2. Avatar
    Chris

    I have two cards (visa infinite privilege & mc world elite) both of which have the PP component. I often fly business so my lounges are covered and usually a better option. What I’ve taken to do though, is share my digital card with friends and family. Not once has their use of a screen shot of my pass been turned down at the lounges access point. Maybe this is not for everyone to “cheat” in this way, but thought I’d share my loophole of how to utilize the cards benefit

  3. Avatar
    Ken

    I have a Amex Business platinum card. Can I go into the Centurion lounge first then go to another priority lounge. Are they allowed to visit two lounges ?

    1. Avatar
      Ricky

      Yes! This is known as lounge-hopping and can be a great way to spice up the airport experience: princeoftravel.com/blog/the-best-airports-for-lounge-hopping

  4. Avatar
    Alex

    Hey Ricky and everybody who might comment on this.
    I am flying to / from LGA (NY) – and there is NO PP lounges there at all.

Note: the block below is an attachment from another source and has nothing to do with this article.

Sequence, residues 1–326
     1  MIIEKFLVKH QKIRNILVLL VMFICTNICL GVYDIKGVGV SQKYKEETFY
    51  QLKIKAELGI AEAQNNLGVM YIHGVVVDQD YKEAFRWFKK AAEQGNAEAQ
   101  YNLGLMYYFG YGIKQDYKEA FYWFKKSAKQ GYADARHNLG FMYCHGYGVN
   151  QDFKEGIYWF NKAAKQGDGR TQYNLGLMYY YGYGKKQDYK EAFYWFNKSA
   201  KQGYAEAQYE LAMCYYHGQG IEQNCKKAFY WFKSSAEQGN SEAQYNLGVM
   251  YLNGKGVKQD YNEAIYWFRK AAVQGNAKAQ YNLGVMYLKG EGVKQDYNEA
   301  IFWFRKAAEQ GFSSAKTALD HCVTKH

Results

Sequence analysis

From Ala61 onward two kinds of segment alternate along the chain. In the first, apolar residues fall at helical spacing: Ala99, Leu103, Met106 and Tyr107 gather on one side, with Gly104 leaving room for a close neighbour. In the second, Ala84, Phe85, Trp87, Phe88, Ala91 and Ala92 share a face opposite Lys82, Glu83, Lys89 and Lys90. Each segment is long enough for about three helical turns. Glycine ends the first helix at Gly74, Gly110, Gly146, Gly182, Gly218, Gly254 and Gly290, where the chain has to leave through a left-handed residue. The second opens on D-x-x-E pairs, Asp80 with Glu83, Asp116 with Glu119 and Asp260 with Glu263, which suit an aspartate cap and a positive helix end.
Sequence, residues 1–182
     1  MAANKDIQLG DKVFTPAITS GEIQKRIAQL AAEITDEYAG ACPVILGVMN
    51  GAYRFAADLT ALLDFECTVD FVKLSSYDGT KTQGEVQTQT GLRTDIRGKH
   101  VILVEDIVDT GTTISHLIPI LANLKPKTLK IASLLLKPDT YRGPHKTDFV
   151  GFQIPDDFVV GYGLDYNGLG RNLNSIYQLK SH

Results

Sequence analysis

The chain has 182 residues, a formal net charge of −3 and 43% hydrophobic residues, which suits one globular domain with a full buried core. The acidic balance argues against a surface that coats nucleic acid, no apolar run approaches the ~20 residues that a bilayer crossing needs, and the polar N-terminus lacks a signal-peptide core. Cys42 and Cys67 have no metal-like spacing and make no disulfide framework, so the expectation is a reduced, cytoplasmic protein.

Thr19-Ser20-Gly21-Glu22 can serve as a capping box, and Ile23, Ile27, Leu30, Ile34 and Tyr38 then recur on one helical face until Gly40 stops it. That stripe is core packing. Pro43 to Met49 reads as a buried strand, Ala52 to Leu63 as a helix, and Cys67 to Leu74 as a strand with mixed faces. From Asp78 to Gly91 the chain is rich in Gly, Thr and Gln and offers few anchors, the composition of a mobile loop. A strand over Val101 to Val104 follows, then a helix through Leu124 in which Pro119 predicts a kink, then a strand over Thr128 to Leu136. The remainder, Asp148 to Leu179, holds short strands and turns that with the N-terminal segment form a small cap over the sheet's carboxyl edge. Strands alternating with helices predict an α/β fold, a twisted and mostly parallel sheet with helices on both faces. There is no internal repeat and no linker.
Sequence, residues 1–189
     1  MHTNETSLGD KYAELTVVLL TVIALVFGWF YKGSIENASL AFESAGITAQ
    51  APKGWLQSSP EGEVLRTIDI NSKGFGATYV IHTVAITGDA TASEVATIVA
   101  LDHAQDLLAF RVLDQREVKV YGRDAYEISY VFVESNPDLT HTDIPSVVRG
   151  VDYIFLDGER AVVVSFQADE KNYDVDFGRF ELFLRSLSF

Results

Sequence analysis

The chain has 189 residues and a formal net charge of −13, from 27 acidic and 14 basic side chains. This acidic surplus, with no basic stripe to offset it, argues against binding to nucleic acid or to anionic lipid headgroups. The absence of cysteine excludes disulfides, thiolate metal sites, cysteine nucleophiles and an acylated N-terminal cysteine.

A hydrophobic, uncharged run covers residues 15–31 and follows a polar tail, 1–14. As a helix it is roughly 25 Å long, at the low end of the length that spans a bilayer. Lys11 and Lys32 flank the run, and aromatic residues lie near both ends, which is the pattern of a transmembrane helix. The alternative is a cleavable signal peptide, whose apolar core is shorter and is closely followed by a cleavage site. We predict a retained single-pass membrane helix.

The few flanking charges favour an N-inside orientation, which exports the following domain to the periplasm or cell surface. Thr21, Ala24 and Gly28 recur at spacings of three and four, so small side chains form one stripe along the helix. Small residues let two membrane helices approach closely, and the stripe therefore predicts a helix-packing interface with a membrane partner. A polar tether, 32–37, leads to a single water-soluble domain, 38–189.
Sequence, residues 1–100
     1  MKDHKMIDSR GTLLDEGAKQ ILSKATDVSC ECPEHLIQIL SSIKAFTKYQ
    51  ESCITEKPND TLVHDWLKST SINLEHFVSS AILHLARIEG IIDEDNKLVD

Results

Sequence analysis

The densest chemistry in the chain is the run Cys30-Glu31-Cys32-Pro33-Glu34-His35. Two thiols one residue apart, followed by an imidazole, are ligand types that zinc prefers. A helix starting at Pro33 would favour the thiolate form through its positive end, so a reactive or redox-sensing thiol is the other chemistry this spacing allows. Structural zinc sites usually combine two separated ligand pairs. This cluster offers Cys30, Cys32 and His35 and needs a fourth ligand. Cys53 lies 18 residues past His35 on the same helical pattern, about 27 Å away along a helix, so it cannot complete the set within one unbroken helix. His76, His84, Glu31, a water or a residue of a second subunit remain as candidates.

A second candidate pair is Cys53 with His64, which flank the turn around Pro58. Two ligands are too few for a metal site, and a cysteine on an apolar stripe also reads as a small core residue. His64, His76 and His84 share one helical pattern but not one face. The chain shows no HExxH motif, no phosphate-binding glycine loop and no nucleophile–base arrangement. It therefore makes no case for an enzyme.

I am flying with WestJet – so the Maple Leaf lounge isn’t free for me as well (I carry many Aeroplan premium cards).
    As far as I see – my only free option would be the Centurion lounge.
    Any other options for La-Guardia airport?
    Thanks.

    1. Avatar
      Ricky

      Nope – I too only visited the Centurion Lounge when flying out of LGA. Thankfully it’s a fairly nice one, and probably better than what an average PP lounge would offer.

  5. Avatar
    Tanmay Broachwala

    Hey Ricky,

    How do you add digital PP from multiple cards into one PP app?

    1. Avatar
      Ricky

      You’d need separate logins for each PP membership.

  6. Avatar
    Richard

    Care to comment Ricky on whether these are Departure lounges only or whether they are Arrivals and Departure Lounges? I’ve experienced different results in Montreal vs Toronto. Sometimes I’ve noticed that offering the Priority Pass Card works better than offering the Amex Card to the Reception Desk.

    1. Avatar
      Ricky

      This one’s definitely a YMMV situation, as I’ve had mixed results too. I’d agree that you’d likely have better results showing your PP card than your Amex.

  7. Avatar
    Mary Tai

    If you have an Amex business platinum card, do you need a priority pass to access the lounges or can you simply show your Amex card